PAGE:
# How do you do decision threshold tuning when doing k-fold cross validation?

I'm training a binary classifier for disease detection.

Because of my small amount of data (~1000 datapoints, 10% positive, 90% negative), I've realized that doing an 80-20 train-test split produces quite a lot of variance in my results simply based off the test set I choose.

So I want to do k-fold cross validation. The problem is, I was doing threshold tuning (based off the ROC curve) when I was evaluating models before.

But now I'm not sure how to do threshold tuning - getting a new decision threshold for each fold feels weird - when I've tried this I've gotten a pretty big spread of thresholds. Plus what would my threshold be for my final model if doing this?

The problem is that the model trained for each fold seems to be calibrated differently, so when I tried taking the outputted probabilities for all the samples, and then choosing a threshold based off that, it didn't do well.

How can I decide on a decision threshold? Do I treat it like a hyperparameter, and identify the best one using k-fold?

Perhaps I could just work with the probabilities - but the problem is I'm using algorithms that don't output well-calibrated probabilities (neural nets, support vector machines) - and everything I've read says that I need a holdout set to calibrate probabilities, thus facing the same problem as for a decision threshold.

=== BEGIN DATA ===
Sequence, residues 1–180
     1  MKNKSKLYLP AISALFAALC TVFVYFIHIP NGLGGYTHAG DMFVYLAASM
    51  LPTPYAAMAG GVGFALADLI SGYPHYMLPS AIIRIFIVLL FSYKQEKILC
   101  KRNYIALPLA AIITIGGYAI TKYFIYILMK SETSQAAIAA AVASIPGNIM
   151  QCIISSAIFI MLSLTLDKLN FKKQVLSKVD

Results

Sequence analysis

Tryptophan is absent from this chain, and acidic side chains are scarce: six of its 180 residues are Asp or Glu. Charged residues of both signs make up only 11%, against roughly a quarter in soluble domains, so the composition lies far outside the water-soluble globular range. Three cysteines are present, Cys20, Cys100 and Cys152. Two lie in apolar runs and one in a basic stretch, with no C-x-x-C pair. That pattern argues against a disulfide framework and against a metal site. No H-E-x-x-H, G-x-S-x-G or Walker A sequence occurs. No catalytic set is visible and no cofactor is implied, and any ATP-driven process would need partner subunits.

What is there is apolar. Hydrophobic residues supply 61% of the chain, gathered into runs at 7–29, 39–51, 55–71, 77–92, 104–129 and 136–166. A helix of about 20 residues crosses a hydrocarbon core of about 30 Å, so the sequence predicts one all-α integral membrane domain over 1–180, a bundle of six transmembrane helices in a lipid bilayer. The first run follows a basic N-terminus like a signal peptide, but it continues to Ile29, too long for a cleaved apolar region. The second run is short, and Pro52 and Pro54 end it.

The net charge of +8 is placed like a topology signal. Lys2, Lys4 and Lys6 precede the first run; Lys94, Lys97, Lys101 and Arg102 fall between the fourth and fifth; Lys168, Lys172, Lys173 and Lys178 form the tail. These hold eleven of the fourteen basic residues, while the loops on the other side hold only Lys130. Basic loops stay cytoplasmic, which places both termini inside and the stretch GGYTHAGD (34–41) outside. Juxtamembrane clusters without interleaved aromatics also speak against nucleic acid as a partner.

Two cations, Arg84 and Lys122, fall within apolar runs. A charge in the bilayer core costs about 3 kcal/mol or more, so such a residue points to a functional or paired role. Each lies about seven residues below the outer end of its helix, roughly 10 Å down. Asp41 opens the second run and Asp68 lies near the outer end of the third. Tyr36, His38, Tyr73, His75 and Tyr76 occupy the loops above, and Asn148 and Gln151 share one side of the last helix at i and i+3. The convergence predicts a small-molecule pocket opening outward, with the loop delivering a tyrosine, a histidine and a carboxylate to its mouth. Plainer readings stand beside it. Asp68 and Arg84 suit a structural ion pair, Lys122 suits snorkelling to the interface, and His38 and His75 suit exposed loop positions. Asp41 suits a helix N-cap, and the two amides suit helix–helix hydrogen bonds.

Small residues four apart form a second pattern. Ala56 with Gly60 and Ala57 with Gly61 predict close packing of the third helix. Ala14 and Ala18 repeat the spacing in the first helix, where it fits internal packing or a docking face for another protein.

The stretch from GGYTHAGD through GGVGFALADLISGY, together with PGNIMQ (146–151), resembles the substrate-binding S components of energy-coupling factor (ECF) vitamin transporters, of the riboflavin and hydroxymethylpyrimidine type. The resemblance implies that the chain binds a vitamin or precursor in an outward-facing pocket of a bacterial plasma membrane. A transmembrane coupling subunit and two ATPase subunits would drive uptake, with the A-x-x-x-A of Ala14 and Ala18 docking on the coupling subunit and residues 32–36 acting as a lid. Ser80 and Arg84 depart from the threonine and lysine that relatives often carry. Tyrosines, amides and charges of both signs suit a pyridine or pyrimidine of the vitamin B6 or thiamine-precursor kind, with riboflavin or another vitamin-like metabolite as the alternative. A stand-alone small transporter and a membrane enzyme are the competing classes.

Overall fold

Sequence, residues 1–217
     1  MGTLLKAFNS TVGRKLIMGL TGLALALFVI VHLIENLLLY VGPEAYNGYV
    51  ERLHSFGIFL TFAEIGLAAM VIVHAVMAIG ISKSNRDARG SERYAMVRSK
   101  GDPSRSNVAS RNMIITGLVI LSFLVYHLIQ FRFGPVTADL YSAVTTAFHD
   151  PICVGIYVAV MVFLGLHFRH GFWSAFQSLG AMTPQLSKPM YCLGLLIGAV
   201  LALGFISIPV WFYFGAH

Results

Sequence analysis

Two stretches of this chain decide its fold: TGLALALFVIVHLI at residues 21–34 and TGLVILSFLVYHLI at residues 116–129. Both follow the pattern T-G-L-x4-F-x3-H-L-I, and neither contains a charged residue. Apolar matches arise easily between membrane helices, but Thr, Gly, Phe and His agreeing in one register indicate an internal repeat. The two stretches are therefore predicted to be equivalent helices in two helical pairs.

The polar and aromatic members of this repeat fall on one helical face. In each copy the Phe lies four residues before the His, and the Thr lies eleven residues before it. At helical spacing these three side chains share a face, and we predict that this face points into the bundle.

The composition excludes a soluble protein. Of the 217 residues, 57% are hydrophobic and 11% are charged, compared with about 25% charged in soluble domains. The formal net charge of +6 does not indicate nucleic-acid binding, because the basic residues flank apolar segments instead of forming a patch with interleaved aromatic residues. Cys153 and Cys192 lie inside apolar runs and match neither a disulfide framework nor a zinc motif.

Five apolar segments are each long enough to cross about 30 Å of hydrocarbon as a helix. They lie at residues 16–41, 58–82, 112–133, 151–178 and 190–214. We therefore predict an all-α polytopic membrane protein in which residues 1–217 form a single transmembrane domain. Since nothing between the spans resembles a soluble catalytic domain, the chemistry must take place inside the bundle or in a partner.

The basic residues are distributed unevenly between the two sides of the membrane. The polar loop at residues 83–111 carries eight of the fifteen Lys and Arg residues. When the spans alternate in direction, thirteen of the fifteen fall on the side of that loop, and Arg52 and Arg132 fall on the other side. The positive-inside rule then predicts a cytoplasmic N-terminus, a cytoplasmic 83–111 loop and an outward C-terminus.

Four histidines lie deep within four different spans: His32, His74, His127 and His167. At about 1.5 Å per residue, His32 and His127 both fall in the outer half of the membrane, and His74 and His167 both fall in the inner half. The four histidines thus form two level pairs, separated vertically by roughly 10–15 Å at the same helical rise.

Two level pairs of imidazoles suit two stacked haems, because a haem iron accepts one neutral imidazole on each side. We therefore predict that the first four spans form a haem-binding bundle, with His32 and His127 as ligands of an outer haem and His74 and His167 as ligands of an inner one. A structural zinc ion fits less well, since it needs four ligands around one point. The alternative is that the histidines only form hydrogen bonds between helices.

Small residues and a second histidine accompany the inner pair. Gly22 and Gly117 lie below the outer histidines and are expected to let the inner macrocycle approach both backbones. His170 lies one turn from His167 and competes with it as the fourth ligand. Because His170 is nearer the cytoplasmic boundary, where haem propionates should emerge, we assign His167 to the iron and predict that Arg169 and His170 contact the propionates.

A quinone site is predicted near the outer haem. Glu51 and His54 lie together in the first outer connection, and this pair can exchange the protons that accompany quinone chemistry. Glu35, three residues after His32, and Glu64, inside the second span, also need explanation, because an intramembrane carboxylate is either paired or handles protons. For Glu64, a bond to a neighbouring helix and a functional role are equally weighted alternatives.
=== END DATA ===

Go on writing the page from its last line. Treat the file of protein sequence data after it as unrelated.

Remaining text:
Any help or advice would be appreciated!

• One first idea, use stratified sampling when doing CV. Commented Dec 16, 2022 at 13:52
• I would indeed recommend that you stick with the probabilistic classifications. Yes, you should use a holdout sample to calibrate them - but you can simulate this by doing cross-validation, just as for any other model training task. Assess them using proper scoring rules. Find "optimal" thresholds for your final model, using cost-based trade-offs. Commented Dec 16, 2022 at 16:33
• Hi Stephan - thanks so much for your comment. Can you elaborate a bit? How do I find a threshold for my final model, if it's been trained on all my data (so I don't have a holdout set)? Commented Dec 16, 2022 at 19:01